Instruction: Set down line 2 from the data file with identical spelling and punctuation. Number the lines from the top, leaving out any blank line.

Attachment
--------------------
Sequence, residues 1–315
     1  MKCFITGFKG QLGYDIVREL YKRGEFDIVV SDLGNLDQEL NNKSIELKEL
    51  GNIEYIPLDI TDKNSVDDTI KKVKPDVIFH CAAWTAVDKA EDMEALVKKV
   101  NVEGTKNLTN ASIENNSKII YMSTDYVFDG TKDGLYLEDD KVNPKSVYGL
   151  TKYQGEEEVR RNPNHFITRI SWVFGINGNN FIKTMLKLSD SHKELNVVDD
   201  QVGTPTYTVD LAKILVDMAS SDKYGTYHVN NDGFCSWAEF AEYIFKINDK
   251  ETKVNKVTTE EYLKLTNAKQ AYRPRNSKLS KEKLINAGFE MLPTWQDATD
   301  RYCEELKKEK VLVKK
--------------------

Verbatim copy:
     1  MKCFITGFKG QLGYDIVREL YKRGEFDIVV SDLGNLDQEL NNKSIELKEL